Nanny of the Maroons: How Jamaica’s Harriet Tubman Freed More Than 800 Slaves
17 Jun 2015
Since 2006, June has been recognized as National Caribbean-American Heritage Month (CAHM)—a time to celebrate the numerous contributions of Caribbean nationals to the history and fabric of America, and the rest of the world. In honor of CAHM, we highlight one of the most legendary women of the Caribbean.
Nanny of the Maroons
The Maroon societies of Jamaica are the superheroes of Black history. Maroons are descendants of West Africans who escaped slavery on Jamaican plantations to build their own communities in the highlands. They were considered fierce fighters who acquired justice on their terms, were despised by the authorities, and had the respect and trust of their people. One of their leaders—a woman most affectionately know as Nanny—is considered a national superhero.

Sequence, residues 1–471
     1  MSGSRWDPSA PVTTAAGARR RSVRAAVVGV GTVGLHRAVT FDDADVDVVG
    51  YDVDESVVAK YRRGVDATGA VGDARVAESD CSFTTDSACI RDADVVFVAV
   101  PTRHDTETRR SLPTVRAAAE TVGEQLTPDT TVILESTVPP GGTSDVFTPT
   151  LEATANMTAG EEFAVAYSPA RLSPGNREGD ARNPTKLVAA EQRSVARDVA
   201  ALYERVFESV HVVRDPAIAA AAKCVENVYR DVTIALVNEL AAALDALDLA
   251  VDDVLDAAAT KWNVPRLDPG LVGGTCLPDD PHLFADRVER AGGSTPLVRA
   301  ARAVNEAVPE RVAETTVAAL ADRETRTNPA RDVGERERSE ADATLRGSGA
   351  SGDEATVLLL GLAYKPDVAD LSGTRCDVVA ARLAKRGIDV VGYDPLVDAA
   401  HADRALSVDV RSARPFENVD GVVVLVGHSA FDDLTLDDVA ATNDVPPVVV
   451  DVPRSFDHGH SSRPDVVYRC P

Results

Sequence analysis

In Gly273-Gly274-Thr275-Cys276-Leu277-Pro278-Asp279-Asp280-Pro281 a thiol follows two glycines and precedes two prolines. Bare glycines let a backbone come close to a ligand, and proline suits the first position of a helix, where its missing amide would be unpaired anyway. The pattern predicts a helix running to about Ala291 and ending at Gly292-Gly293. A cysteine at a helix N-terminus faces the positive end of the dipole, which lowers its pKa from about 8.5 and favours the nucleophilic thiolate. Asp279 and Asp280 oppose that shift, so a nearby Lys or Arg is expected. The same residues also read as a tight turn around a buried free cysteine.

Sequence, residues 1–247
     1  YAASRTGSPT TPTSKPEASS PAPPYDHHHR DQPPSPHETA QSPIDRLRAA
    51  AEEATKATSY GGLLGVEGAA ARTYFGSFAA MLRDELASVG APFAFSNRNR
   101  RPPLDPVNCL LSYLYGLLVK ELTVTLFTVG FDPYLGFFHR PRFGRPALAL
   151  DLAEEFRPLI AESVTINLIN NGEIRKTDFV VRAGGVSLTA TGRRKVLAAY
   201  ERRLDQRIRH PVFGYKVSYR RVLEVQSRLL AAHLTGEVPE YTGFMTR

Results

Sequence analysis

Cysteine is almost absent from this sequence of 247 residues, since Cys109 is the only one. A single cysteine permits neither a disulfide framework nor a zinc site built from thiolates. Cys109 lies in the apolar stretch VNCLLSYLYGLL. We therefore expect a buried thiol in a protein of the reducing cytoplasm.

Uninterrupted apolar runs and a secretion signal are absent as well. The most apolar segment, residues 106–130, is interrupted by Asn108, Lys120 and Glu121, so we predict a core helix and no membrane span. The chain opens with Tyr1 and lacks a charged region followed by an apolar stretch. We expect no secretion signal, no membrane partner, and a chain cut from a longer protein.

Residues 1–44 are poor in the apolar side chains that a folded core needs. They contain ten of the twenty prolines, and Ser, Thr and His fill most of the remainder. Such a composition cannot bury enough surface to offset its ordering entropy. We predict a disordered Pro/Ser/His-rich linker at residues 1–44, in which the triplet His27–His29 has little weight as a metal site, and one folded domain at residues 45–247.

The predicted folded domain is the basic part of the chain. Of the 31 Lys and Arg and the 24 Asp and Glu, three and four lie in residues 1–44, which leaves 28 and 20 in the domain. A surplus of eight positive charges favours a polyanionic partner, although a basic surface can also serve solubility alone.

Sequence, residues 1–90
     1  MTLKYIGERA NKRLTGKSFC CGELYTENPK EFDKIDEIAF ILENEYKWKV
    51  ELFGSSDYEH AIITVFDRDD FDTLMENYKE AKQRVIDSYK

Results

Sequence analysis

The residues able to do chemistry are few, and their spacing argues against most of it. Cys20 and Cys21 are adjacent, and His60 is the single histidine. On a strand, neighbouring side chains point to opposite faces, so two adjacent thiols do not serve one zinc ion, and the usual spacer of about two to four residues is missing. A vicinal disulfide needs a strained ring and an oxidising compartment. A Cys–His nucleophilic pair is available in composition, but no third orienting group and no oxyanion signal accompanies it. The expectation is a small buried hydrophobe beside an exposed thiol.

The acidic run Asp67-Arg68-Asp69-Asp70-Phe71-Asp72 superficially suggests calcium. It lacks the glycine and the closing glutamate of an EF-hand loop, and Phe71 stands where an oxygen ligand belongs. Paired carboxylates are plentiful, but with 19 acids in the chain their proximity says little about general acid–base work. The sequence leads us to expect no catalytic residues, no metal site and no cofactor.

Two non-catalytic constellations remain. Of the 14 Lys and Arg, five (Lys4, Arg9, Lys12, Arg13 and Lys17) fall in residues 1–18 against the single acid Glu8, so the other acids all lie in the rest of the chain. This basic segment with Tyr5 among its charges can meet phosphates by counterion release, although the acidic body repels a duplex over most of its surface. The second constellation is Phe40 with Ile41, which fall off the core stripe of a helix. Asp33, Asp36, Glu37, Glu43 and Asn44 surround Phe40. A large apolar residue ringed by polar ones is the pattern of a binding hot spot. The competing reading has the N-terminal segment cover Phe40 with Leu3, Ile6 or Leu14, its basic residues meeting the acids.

Why she’s Bold and Fearless
Nanny led a segment of the Eastern Maroons during the early 18th century. Most records document how her exceptional leadership and organizational qualities benefited Maroons during the First Maroon War in 1720. Over the course of 30 years, it is said that she freed more than 800 slaves.
Born of the Asante people of Ghana West Africa and brought to the West Indies as a slave, in addition to organizing and training her troops on guerilla warfare, Nanny made sure to pass along the customs and traditions of the mighty Asante. She understood the power of her people’s heritage and encouraged many as she shared the legends and songs brought over from Africa. Today Jamaica recognizes her with a monument in Portland and with her portrait on their $500 bank note which is often refereed to as a “Nanny.”
What other lesser-known women in history do you know of who have blazed trails for the today’s leaders?